There were two of me – there was Ana (the anorexia) and then there was the real me. I felt like I was being controlled by Ana, and the more food I ate the more my own personality came back. However, the more I ate the more Ana guilt tripped me: ‘Now you’ve eaten that, there’s no possibility of you ever being thin again.’ It was a constant battle of pleasing this ‘thing’ that was controlling my mind and the way I thought – it was a power struggle. I remember walking to school and realising that I physically couldn’t walk anymore, my heart felt that exhausted that I thought it was going to stop at any moment. It was at that point that I knew that If I didn’t eat, I was going to die, and to eat was the most frightening thing in the world. That is why I needed someone to do it for me, control my eating so that I wasn’t the one competing with Ana anymore, and as much as I hated it at the time, it saved my life.
It was easy for me to say that I understood the consequences of not eating... It was easy for me to say that I would get better… but actually doing those things was not easy. It was the fear of losing control that made me go to extreme lengths to make it appear that I was beating Ana, but in actual fact, it was Ana that was beating me. Anorexia was the only thing I was able to control in my life, but at the same time, I enjoyed someone else taking control, whether that be my parents or doctors – it took the pressure off me because I had no other choice. Anorexia was something that I was good at. I never stopped eating, therefore death was never a reality; I ate the bare minimum, therefore I did not realise what all the fuss was about – I was not ill.
Even when told I had two weeks to live I thought it was a lie – death was something that would not happen to me.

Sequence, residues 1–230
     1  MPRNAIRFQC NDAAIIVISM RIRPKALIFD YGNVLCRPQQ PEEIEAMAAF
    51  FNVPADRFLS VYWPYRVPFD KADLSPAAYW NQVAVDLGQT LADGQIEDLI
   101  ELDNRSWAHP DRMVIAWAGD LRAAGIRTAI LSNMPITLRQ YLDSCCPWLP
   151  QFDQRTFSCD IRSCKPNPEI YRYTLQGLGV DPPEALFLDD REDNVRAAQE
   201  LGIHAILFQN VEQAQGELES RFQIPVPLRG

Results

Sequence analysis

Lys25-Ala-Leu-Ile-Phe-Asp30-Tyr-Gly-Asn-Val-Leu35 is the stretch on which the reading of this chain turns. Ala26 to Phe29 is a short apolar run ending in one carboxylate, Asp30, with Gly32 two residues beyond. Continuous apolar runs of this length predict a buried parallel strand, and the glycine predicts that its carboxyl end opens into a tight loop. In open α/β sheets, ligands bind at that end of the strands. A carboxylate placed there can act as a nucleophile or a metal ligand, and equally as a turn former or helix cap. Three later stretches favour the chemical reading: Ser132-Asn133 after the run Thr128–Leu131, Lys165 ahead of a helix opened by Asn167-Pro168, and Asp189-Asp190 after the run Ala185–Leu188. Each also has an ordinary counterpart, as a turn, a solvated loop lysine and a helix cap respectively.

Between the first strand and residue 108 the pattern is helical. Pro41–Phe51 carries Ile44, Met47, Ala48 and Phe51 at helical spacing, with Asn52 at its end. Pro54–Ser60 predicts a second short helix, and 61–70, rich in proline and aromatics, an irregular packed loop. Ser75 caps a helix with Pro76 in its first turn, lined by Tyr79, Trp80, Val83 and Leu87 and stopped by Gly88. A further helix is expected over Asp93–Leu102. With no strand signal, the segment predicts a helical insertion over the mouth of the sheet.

I don’t know whether anorexia ever fully goes away, but I do know that there is more to life than anorexia and that it has made me a better person. It taught me how to love my life and brought me closer to my family. When I get asked why I decided to starve myself, I can’t pinpoint a reason; I don’t understand the illness myself so I don’t expect anyone else too. When I look back to the time when I was ill, when I thought that anorexia was a part of me, a friend maybe, I just see a girl possessed. When you have anorexia, you are not fully alive – something else takes over. No one chooses anorexia, or wakes up one morning and decides not to eat. Anorexia chooses you – that is the reality.
You have to learn how to live again and, like with any lessons, you often have to fail to learn the best way or the right way...
In the past I’ve wanted to hide the eating disorders that are part of my history, but I want to shout from the rooftops: I'm proud of how far I had come!
What a year 2020 has been in general for everyone – it was a year no one ever could have imagined, from panic buying, toilet roll shortages, lockdowns and restrictions. Yet for so many, including me, the battle against an eating disorder continued.